Cost of capital, like all other costs, is a variable term, subject to changes in a number of factors. The various factors that play a part in the determination of the cost of capital are described below. There are four main factors that mainly determine the cost of capital of a firm.
1. General Economic Conditions
General economic conditions determine the demand for and supply of capital within the economy, as well as the level of expected inflation. This economic variable is reflected in the riskless rate of return. This rate represents the rate of return on risk-free investments, such as the interest rate on short-term government securities. In principle, as the demand for money in the economy changes relative to the supply, investors alter their required rate of return. For example, if the demand for money increases without an equivalent increase in the supply, lenders will raise their required interest rate. At the same time, if inflation is expected to deteriorate the purchasing power of money, investors require a higher rate of return to compensate for this anticipated loss.
2. Market Conditions
When an investor purchases a security with significant risk, an opportunity for additional returns is necessary to make the investment attractive. Essentially, as risk increases, the investor requires a higher rate of return. This increase is called a risk premium. When investors increase their required rate of return, the cost of capital rises simultaneously. If the security is not readily marketable when the investor wants to sell, or even if a continuous demand for the security exists but the price varies significantly, an investor will require a relatively high rate of return. Conversely, if security is readily marketable and its price is reasonably stable, the investor will require a lower rate of return and the company’s cost of capital will be lower.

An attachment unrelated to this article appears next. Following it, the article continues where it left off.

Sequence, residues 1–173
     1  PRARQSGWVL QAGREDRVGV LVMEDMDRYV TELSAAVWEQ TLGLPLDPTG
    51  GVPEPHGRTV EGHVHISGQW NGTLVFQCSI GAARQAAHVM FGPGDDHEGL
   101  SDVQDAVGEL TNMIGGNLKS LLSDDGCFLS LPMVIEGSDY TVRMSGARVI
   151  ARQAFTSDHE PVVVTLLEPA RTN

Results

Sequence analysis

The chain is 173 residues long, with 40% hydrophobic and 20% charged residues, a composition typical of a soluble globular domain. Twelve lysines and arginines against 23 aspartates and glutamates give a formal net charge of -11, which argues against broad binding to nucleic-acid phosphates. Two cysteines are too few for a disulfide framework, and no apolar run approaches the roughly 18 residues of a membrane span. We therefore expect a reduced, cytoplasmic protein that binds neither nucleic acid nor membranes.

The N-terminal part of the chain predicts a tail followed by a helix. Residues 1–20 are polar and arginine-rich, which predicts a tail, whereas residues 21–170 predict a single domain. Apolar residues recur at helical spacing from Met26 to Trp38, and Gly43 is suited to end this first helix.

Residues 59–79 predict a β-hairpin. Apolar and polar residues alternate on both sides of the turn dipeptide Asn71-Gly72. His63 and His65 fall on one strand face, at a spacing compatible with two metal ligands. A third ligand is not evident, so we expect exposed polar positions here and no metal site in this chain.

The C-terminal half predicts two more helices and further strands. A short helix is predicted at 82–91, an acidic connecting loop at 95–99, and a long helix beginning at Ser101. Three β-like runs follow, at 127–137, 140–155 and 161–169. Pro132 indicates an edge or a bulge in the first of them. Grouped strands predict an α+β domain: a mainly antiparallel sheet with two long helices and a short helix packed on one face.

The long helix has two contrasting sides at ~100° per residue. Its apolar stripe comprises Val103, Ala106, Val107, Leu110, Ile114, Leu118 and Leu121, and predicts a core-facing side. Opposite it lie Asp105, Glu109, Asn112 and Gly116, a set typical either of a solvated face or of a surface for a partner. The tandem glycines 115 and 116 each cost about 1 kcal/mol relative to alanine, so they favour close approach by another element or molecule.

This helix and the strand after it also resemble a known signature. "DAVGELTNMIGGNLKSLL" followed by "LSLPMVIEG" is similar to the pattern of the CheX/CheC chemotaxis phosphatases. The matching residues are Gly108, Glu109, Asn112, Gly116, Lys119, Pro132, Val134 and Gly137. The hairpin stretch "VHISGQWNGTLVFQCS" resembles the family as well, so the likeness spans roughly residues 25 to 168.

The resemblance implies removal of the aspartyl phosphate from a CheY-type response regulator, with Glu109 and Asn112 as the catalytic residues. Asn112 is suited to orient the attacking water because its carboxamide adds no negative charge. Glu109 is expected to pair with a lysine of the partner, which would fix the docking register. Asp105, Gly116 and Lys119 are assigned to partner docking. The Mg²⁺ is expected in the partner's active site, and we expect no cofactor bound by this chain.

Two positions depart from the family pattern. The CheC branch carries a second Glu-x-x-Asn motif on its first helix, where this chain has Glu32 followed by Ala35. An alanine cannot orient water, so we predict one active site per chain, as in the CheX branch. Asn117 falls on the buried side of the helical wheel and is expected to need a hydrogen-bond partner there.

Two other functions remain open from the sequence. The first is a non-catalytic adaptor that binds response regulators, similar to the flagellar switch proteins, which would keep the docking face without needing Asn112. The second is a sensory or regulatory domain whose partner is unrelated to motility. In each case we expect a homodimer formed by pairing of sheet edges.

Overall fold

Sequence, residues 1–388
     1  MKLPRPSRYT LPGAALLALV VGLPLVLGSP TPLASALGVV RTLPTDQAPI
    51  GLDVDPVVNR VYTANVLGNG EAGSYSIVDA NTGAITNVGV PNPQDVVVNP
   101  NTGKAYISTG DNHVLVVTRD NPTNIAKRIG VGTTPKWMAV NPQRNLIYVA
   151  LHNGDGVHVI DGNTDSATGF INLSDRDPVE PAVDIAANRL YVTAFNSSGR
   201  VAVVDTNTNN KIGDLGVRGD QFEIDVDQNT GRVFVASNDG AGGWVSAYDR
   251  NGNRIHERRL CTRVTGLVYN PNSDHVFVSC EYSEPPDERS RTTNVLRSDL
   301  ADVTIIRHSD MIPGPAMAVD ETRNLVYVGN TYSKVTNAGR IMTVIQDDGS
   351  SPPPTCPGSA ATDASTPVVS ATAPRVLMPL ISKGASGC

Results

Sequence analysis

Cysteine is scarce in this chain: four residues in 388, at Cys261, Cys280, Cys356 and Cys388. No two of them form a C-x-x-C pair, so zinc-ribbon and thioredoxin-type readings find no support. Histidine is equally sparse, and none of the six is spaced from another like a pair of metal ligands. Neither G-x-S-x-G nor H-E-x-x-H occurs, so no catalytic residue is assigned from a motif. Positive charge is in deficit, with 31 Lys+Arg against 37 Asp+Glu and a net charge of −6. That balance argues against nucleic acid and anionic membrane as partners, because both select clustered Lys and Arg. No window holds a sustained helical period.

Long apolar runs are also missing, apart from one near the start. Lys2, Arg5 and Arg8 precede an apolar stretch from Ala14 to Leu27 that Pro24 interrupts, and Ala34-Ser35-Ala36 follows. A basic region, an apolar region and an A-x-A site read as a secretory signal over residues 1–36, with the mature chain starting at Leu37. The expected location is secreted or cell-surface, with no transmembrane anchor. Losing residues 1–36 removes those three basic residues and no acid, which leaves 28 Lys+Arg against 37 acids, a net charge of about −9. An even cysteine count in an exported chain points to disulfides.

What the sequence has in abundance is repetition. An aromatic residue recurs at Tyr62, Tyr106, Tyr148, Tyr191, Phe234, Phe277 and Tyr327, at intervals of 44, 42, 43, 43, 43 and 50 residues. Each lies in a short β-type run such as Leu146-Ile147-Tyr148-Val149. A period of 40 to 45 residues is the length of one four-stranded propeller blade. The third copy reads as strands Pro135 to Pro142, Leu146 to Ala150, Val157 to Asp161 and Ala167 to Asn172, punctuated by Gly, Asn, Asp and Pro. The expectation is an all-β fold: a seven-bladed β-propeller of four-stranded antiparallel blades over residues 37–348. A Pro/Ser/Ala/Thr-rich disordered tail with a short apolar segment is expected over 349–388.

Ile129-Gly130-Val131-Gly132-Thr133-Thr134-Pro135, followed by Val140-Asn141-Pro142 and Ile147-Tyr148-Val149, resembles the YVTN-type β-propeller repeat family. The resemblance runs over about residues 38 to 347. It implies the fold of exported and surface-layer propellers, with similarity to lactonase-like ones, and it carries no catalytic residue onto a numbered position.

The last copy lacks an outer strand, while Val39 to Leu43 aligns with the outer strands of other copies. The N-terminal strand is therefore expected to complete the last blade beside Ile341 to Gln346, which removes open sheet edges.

3. Operating and Financing Decisions
Risk, or the variability of returns, also results from decisions made within the company. Risk resulting from these decisions is generally divided into two types: business risk and financial risk. Business risk is the variability in returns on assets and is affected by the company’s investment decisions. Financial risk is the increased variability in returns to common stockholders as a result of financing with debt or preferred stock. As business risk and financial risk increase or decrease, the investor’s required rate of return (and the cost of capital) will move in the same direction.
4. Amount of Financing
The last factor determining the corporation’s cost of funds is the level of financing that the firm requires. As the financing requirements of the firm become larger, the weighted cost of capital increases for several reasons. For instance, as more securities are issued, additional flotation costs, or the cost incurred by the firm from issuing securities, will affect the percentage cost of the funds to the firm. Also, as management approaches the market for large amounts of capital relative to the firm’s size, the investors’ required rate of return may rise. Suppliers of capital become hesitant to grant relatively large sums without evidence of management’s capability to absorb this capital into the business. This is typical “too much too soon”. Also, as the size of the issue increases, there is greater difficulty in placing it in the market without reducing the price of the security, which also increases the firm’s cost of capital.